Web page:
The 1998/99 budget

23. The 1998/99 budget for the national government targets an overall deficit (excluding extraordinary revenues) of 3.5 percent of GDP, reflecting the authorities’ continued commitment to fiscal consolidation envisaged in GEAR. Revenue is projected to decline slightly to 26.4 percent of GDP, while expenditure is budgeted to decline by 0.7 percentage point of GDP to 29.9 percent of GDP. Domestic bond issues will finance the bulk of the deficit, leaving a customary small amount to be financed externally.

24. Total revenue in 1998/99 is projected to increase by 9 percent, mainly because of the impact of tax measures and planned improvements in tax and customs administration (see box below). Personal income tax collections are projected to rise by 6.2 percent in nominal terms, but to decline as a percent of GDP, as a result of measures to limit the bracket creep that are estimated to reduce revenue from this source by R3.7 billion. This revenue decline is expected to be more than offset by higher revenue resulting from more efficient collection of all taxes, increases in the fuel levy and other excise duties, and an increase in the tax on retirement funds. (Revenue measures are explained in more detail below.)

Improvements in Tax and Customs Administration

The South African Revenue Authority (SARS) obtained administrative autonomy with the passage of the SARS Act in October 1997. Under the arrangement, SARS has considerably increased its flexibility in managing its resources, while remaining accountable to the Minister of Finance. With the help of technical assistance from abroad it has embarked on a significant transformation process with goals and objectives of the organization driven by performance, including a provision for incentive bonuses for workers. As part of the transformation process it has issued a Client Charter which sets out the rights (such as fair and impartial treatment by SARS) and obligations (such as honesty and prompt and full payment of taxes) of taxpayers.

On October 1,1997, SARS launched an extensive coordinated campaign to broaden the tax base through registering those persons, businesses and employers outside the tax net. Activities have included information gathering, cross-checking tax information, and business to business inspection using 1,500 SARS personnel. As a result of this effort, it was able to evaluate 162,792 entities of which more than 30 percent were liable for, but in default of, registration for tax purposes. In order to improve tax compliance the government proposes to give the Commissioner of SARS powers to publish the names of tax defaulters who have been convicted of an offence in terms of tax laws that he administers. In a major effort to reduce smuggling across borders, 96 designated posts of entry were cut to 19 of which 9 are currently staffed by customs officials and the remainder are expected to be operational by mid-July 1998.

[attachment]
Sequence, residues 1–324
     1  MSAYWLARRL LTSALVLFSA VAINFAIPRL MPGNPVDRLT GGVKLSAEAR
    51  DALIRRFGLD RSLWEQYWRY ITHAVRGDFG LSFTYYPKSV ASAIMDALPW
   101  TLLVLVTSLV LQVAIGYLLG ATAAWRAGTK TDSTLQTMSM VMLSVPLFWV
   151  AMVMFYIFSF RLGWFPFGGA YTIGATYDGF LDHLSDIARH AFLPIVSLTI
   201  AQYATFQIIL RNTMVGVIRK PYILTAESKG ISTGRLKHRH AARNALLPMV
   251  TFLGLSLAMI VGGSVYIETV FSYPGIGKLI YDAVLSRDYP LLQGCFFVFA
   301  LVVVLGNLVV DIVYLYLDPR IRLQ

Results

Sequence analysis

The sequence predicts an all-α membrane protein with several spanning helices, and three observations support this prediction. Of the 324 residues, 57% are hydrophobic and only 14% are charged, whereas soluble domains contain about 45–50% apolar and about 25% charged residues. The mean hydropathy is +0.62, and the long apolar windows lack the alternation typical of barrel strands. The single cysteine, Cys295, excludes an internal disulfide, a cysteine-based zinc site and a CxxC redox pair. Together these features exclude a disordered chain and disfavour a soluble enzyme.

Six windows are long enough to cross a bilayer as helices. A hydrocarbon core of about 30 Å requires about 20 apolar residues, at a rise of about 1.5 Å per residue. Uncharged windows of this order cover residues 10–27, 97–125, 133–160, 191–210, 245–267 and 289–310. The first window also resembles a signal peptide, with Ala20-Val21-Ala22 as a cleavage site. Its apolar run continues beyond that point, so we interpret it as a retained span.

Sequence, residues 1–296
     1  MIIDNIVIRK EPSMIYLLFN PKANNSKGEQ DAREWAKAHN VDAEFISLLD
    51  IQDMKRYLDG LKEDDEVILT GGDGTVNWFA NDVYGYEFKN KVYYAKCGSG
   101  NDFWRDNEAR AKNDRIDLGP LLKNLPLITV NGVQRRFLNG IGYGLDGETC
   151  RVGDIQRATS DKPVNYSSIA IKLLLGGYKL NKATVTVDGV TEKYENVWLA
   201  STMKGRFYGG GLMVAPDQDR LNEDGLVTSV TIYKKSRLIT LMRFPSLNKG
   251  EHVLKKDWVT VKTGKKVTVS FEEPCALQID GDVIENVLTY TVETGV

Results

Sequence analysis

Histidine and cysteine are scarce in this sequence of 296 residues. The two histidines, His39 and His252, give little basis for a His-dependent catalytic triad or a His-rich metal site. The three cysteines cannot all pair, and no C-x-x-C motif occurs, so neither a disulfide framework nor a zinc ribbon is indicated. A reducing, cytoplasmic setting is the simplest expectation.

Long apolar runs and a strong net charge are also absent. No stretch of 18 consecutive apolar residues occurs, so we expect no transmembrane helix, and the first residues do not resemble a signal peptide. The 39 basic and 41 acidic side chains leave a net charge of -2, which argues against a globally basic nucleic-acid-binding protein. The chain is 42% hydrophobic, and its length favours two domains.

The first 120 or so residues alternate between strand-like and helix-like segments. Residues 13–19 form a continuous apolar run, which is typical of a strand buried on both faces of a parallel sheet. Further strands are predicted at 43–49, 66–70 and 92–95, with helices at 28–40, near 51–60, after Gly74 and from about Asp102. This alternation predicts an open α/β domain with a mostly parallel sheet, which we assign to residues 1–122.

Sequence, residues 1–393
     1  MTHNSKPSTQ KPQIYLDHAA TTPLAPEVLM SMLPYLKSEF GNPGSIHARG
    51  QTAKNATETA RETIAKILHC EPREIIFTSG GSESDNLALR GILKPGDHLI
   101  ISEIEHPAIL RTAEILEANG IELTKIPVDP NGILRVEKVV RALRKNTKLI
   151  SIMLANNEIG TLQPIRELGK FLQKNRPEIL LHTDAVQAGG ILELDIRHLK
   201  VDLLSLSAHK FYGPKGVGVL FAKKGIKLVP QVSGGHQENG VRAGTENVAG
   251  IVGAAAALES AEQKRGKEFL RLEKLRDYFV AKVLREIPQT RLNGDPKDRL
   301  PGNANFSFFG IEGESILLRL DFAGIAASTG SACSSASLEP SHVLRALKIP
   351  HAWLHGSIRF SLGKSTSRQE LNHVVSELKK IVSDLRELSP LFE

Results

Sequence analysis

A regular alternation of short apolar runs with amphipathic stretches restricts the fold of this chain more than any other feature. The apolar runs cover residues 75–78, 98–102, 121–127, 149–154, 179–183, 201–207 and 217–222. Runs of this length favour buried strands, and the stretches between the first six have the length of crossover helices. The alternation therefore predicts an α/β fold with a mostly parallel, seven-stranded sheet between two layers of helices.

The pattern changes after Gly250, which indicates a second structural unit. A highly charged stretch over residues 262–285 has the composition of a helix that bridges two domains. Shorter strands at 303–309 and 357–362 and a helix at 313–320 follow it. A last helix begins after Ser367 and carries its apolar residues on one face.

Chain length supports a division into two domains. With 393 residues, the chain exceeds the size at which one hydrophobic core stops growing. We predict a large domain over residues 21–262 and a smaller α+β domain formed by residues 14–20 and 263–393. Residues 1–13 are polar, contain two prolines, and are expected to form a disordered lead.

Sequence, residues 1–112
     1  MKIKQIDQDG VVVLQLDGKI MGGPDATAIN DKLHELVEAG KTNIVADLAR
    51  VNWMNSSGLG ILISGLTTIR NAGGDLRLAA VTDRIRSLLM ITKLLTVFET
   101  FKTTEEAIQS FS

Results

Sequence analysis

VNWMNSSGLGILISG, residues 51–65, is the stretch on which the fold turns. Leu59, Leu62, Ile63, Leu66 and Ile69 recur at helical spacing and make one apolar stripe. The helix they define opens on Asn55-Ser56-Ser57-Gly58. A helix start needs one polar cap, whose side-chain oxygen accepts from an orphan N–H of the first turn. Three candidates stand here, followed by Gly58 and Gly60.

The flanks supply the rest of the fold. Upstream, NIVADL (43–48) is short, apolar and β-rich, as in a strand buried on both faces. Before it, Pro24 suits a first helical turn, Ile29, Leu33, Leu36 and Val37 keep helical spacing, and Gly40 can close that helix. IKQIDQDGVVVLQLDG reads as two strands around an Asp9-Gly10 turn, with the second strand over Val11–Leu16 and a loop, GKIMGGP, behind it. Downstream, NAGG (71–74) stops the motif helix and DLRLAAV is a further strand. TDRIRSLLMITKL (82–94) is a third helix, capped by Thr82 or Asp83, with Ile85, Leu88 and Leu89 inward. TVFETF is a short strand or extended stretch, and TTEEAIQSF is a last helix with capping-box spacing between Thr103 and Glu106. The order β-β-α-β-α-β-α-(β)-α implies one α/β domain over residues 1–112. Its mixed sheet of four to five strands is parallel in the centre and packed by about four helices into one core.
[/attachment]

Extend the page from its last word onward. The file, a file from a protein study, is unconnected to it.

25. On the expenditure side, the wage bill is projected to rise by 6.3 percent in nominal terms, but to decline in relation to GDP from 12.8 percent in 1997/98 to 12.4 percent in 1998/99. This reflects an increase in wages that is Rl .5 billion lower than envisaged in the 3-year Civil Service Conditions of Service Agreement.6 Capital expenditure and transfers to provinces are budgeted to fall in real terms.

26. The budgeted transfers to the provinces for 1998/99 reflect a more realistic projection of provincial spending in education, health, and welfare. Moreover, several measures have been taken to monitor and control provincial expenditure in order to prevent a recurrence of the problems of last year. These measures include placing all provinces and national departments on the same centralized personnel system; the planned passage of the Treasury Control Bill later this year, which will improve financial management; setting standards for financial reporting and accountability; and conditioning certain transfers to provinces on their designing credible budgets and taking steps to improve collection of own revenue.

Tax changes in 1998/99

27. The 1998/99 budget introduced a number of tax changes, including taxation of personal income and fringe benefits, taxation of retirement funds, and customs and excise duties. Consistent with the recommendations of the Third Interim Report of the Katz Commission regarding personal income taxation, and following up on changes that were implemented at the time of the 1997/98 budget, the tax schedule was revised to (i) eliminate bracket creep; (ii) increase the standard deduction from R3,215 to R3,515; (iii) raise the deduction for persons over 65 years from R2,500 to R2,660; (iv) reduce the marginal rate from 41 percent to 39 percent for individuals with taxable income between R46,000 and R60,000; (v) increase the level of income to which the maximum rate of 45 percent applies from R100,000 to R120,000; and (vi) lower the number of income tax brackets from 7 to 6 (see table below).